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and in Europe. An experimental one Baltimore. It is one of the modern was made the subject of exhaustive tests achievements whose perfection is due to in Germany, France, and England; and the labors of others besides the inventor. actual telegraphic work is now being The present standardized machine is the done in this country, the operation in all result of the combined efforts of a corps cases being entirely satisfactory and very of skilled engineers and a force of exgratifying in its results. An octoplex in- pert designers. stallation which has been in use in Italy The advantages of the system as they for three years, afforded an excellent il- have been proved in commercial use, may lustration of the advantages possessed by be summed up as follows: the Rowland system during the recent 1. It is operated by employees uneruptions of Vesuvius. All wires in com- skilled in the telegraphic code. munication with Naples except that used 2. It records and checks errors, and by the

Rowland apparatus were in- enables these to be easily traced to their adequate. This Rowland dispatched the source. correspondence easily and promptly on 3. The operator attains a higher averone wire, telegrams being transmitted at age rate of speed than the Morse operathe rate of 8,000 per 24 hours.

tor. The Rowland system has been devel- 4. The wire is made to carry double oped without publicity or advertising, the number of telegrams. and at great expense.

The invention 5. The system operates in full capacity promises to reflect great credit both upon through varying weather and at times its birthplace, the Johns Hopkins Uni- when the Morse and others are cripversity, and the place of its development, pled.

Ills That Fret Us
THAT
PHAT rainbow painted on a summer sky,

A seeming arch from mountain to the main,
When science puts her glass unto my eye,

Is but a sun ray in a drop of rain.
A cloud that hủng above my happy day,

And seemed to bring the dark of night too near.
When heaven flashed a light across my way,

Was but a ray of doubt within a tear.

Wax-Farming in China

By Lillian E. Zeb

A

MONG the novel occupa- cargoes in proper time for the hatching-
tions in China, but little out season.
known if at all to the out- An explorer for the Museum of Nat-
side world, is that of the ural History has just brought back some
wax-farmer. The most specimens of the wax-covered branches

remarkable feature in con- taken from the field, and the only ones to nection with this industry is that the reach this country so far. Photographs owner's entire crop is produced by the of the strange creature itself, and other free labor of myriads of little insects, characteristic views, are shown and dewhose eggs or cocoons, deposited on the scribed here for the first time. limbs and branches, yield a rich harvest,.. Comparatively little is known of this which is transformed into pure white peculiar and valuable insect of China, wax and marketed at a fair price. Equally though it is found also in Japan. In both odd and fantastic are the midnigl t jour countries it selects different trees to feed

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A CHINESE WAX-FARMER AT WORK. He is arranging the little insect workers on the trees in the way that will best produce the strange harvest.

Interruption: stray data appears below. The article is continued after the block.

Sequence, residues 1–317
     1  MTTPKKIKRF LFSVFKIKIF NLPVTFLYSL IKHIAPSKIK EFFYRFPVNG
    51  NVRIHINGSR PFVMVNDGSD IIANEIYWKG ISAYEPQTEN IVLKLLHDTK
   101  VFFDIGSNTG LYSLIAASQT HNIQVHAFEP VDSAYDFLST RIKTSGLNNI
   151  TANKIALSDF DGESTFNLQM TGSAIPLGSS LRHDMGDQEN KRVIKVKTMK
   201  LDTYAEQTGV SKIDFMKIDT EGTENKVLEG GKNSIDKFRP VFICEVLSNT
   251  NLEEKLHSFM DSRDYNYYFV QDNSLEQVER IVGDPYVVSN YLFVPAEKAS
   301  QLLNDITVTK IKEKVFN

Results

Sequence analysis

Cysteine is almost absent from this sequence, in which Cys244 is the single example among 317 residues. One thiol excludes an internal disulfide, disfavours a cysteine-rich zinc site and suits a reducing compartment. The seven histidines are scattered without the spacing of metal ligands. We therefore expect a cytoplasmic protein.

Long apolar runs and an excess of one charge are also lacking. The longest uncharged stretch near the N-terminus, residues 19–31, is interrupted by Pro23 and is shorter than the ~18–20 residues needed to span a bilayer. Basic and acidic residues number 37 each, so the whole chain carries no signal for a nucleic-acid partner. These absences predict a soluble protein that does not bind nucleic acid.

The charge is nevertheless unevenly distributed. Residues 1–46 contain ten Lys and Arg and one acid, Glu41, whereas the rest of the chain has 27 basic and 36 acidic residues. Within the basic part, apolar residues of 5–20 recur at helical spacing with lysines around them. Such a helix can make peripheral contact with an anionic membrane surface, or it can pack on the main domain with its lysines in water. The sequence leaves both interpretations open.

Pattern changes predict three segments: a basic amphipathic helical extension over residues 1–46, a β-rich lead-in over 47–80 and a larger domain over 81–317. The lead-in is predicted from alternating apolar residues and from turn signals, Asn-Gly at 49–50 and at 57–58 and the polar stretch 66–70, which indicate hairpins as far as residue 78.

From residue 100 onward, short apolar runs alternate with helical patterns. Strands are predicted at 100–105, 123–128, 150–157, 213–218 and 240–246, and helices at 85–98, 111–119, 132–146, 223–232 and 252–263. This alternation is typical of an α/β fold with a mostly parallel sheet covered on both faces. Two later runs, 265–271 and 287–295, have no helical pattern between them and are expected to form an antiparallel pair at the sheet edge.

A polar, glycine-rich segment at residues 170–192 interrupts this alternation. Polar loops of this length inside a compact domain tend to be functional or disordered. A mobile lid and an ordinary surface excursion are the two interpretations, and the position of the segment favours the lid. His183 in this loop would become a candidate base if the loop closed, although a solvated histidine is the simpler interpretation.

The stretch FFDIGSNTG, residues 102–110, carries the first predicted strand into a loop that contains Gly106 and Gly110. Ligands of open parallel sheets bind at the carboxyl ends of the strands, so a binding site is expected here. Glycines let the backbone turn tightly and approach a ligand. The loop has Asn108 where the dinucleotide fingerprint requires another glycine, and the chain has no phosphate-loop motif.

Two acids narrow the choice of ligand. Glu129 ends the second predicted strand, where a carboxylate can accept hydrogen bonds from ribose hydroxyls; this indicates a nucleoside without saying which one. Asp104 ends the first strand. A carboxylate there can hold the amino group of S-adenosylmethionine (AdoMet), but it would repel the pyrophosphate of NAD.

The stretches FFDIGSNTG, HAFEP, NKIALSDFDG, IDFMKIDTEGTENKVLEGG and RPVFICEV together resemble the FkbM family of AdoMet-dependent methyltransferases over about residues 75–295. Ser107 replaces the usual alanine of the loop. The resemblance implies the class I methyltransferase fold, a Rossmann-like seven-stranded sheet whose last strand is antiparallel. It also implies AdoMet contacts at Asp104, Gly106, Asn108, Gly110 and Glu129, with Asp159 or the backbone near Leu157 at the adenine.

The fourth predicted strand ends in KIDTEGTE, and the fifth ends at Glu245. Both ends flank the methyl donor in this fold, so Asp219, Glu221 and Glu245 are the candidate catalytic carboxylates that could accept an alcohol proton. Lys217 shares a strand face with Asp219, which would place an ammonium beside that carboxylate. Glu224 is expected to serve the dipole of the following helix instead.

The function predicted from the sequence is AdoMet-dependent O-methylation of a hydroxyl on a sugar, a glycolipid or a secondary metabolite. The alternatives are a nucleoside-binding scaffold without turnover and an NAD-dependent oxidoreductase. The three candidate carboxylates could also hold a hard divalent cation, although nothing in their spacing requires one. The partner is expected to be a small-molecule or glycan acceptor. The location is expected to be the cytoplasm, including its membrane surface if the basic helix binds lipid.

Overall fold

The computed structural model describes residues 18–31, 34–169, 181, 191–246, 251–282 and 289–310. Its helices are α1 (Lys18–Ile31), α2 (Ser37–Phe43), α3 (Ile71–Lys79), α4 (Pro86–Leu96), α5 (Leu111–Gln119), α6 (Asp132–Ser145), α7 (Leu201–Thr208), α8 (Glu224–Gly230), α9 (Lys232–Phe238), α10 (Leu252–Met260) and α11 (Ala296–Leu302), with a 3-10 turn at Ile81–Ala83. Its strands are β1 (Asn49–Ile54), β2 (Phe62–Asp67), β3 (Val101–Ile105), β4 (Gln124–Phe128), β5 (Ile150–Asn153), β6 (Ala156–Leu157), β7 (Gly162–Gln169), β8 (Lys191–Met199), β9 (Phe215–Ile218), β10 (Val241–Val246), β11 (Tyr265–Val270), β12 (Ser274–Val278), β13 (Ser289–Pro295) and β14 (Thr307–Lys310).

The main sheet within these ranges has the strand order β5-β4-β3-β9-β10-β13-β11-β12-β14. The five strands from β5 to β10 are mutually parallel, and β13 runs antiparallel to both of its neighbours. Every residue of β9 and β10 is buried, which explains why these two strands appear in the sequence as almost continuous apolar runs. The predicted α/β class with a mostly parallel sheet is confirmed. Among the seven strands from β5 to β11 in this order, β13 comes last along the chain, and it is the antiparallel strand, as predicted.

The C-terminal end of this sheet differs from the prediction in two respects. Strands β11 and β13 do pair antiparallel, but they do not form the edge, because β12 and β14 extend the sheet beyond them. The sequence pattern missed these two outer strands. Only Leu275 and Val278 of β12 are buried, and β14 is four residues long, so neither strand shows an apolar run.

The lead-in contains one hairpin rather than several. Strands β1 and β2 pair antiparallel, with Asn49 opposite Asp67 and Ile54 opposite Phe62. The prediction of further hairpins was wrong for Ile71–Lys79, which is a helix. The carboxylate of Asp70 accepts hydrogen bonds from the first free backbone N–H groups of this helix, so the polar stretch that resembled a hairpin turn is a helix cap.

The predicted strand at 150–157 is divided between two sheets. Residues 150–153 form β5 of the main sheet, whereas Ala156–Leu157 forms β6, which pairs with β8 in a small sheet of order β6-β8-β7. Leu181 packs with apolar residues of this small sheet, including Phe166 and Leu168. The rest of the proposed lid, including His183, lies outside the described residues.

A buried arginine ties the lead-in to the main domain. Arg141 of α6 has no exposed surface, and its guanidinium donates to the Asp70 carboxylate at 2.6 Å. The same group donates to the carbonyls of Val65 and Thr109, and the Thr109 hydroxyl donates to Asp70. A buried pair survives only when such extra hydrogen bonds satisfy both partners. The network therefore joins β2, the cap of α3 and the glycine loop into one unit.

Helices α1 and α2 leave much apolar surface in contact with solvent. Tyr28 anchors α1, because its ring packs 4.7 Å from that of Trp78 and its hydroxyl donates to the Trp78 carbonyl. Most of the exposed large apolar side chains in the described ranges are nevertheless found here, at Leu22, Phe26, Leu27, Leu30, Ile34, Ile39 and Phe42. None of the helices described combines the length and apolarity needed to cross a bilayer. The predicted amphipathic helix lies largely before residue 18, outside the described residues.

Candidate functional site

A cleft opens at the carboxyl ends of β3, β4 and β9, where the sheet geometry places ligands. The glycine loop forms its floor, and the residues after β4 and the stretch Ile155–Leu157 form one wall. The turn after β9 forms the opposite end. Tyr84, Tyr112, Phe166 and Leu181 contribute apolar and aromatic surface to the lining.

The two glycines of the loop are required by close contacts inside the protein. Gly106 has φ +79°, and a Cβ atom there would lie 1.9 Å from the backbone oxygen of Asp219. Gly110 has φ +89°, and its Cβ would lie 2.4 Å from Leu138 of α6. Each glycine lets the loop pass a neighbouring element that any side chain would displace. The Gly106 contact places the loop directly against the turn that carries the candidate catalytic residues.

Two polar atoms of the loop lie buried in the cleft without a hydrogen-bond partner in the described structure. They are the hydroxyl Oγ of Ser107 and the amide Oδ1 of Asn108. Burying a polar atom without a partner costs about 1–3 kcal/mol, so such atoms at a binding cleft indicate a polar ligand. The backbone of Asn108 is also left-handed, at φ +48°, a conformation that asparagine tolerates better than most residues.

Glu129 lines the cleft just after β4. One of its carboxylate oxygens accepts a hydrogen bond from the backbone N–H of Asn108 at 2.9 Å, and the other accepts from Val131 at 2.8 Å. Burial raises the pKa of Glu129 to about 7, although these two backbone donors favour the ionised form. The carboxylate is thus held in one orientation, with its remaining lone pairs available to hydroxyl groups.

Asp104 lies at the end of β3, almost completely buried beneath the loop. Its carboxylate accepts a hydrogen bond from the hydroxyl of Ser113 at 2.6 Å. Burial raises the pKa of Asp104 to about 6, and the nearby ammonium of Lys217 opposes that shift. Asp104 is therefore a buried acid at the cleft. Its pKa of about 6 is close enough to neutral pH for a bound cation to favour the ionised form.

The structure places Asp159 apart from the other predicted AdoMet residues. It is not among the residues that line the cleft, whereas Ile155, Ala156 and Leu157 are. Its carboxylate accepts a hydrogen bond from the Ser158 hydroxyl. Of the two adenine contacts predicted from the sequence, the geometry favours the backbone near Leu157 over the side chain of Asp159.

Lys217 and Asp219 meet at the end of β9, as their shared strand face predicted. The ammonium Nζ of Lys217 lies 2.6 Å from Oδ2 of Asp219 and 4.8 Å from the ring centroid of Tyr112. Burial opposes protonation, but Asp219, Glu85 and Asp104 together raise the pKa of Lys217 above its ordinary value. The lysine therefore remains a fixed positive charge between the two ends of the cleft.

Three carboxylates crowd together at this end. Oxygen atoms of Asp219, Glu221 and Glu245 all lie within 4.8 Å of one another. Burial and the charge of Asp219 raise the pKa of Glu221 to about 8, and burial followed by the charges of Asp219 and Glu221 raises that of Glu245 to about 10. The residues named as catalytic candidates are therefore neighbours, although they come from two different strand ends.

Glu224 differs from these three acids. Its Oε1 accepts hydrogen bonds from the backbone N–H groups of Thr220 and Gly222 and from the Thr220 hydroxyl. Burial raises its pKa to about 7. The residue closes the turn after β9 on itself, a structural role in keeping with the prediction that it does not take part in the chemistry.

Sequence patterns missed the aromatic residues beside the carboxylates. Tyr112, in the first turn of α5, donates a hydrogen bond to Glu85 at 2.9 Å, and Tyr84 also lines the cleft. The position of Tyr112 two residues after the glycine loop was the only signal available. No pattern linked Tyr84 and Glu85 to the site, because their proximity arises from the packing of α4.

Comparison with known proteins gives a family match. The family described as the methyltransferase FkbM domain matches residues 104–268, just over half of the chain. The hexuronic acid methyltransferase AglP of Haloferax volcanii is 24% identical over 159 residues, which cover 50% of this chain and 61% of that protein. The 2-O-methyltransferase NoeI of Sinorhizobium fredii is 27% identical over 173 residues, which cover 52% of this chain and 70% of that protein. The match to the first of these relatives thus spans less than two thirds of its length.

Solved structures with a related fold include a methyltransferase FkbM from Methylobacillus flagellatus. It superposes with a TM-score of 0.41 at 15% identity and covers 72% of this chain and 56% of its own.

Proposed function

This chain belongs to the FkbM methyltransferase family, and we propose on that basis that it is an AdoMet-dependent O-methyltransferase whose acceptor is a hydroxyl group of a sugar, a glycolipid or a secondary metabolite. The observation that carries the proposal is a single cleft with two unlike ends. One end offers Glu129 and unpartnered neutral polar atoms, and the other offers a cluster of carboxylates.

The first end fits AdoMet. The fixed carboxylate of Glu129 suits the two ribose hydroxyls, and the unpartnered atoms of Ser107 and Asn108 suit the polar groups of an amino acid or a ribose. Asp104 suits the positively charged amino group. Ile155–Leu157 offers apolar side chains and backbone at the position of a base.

neys of the agile and sure-footed porters, upon. This insect is about the size of a who are forced to hurry along as fast as mosquito. The male has a head nearly possible with their loads of insects on triangular and of a light orange color. their backs, hundreds of miles, across The antennæ are long and composed of steep and rocky mountain passes, ascend- segments, comparatively long, light ing and descending precipitous places brown, and covered with grayish hair. which no animal or conveyance could tra- The first pair lie far apart from the othverse with safety, in order to land their ers. The four wings are long, oval, and

EVOLUTION.

stages of molting, and vary but slightly in structure and size from the male. The males appear about the last of September or beginning of October, and flit around the young females, who are already attached to the stems and branches.

The tree which produces the white wax insect is grown in the Chien-Chang valley in the western part of China, which is some 5,000 feet above the level of the sea. In March, round, brown forms are seen attached to the limbs and branches. If one of these should be opened, it would be found to contain innumerable white insects. By a strange law, the insect will not flourish or produce wax in its birthplace, and, if allowed to remain, will drop off in a dead mass. The Chinese, with clever instinct, have discovered the exact locality where they will flour

ish to the best advantage, and have Wax-MAKING INSECT IN VARIOUS STAGES OF Its started breeding the insect and cultivat

ing the particular food plant upon which

it thrives and deposits the wax-making quite transparent. The female is globu- cocoons. Transporting the females to lar in form, and dark reddish brown in the various farming places some two to color. The flattened-out inner-bodies are four hundred miles distant in the Provalmost oval in shape, and have a large ince of Sze-Chuan, gives employment hollow space wide enough to protect during the season to thousands of pormany thousand eggs. If the insect is re- ters. moved from the stem, the eggs fall freely One of these wax-making centers is off. The female begins to lay eggs about Kia-Ting. About the first of May the May 1, and the young larvæ commence to female is nearly grown, and the body is hatch out the beginning of June. The almost conical, with a round base. Later larvæ crawl about over every branch, on it becomes mature, and begins to deand, after molting, pass to the second stage of growth.